This animal looks like earthworm at first glance. The eyes are minute, without lids, and are buried below the skin. The animals have a sensory tentacle between the eye and nostril on each side of the body. Along the length of the body there are about 360 cutaneous ring-like folds. The body coloration is brownish-black above, with a yellow, longitudinal band on each side running down the length of the body. The larvae are completely aquatic and have a short tail with a thin laterally compressed fin that extends from the body of the tail dorsally; it curves ventrally around the tip of the tail. The larvae have what appears to be a gill slit, called the gill spiraculum--a small chamber that encompasses the area where three gills are attached. There is a lateral line on both sides of the head and neck that serves as a sense organ for water movements.
Distribution and Habitat
Country distribution from AmphibiaWeb's database: China
The range encompasses parts of China [Yingjiang, Xishuang Banna (Jinghong, Mengla), southern Yunnan; southern Guangxi and southern Guangdong)] as well as Vietnam.
Life History, Abundance, Activity, and Special Behaviors
This species has an aquatic larval stage and a terrestrial adult phase. The adults Inhabit loose soil along small mountain streams with abundant plant cover, also seen along moist shores beside pools or rice-fields. During April to May females deposit about 30 eggs in a depression they dig close to water. Soon after hatching, the larvae make their way into the water where they feed on algae or plankton. Later in their development, they feed on aquaticinvertebrates. Metamorphosis is completed at a total length of 180mm. In captivity adults feed exclusively on earthworms.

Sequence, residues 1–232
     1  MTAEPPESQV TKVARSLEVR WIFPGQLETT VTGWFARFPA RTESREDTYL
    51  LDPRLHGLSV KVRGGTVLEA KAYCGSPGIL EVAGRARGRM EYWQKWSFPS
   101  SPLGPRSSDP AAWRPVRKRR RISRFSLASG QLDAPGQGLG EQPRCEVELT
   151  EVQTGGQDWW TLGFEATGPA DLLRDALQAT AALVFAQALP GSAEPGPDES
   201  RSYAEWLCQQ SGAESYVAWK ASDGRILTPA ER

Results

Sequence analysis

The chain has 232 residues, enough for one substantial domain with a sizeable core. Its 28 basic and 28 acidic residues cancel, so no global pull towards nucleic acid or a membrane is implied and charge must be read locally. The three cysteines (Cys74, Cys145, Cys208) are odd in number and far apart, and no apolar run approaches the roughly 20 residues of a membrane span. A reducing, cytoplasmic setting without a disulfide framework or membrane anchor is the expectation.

Trends and Threats
Populations appear to be at high risk as they have declined rather quickly because of human activities including cultivationof the land, destruction of forest, and pollution, but there is little published data available to support these hypotheses.
Please note that the map we provide only covers distributions in China, but they also occur in Vietnam.
Written by Yuezhao Wang (arcib AT mail.cib.ac.cn), Chengdu Institute of Biology, Chinese Academy of Sciences.
First submitted 1999-11-02
Feedback or comments about this page.
Citation: AmphibiaWeb: Information on
amphibian biology and conservation. [web application]. 2015. Berkeley, California:
(Accessed: May 30, 2015).
AmphibiaWeb's policy on data use.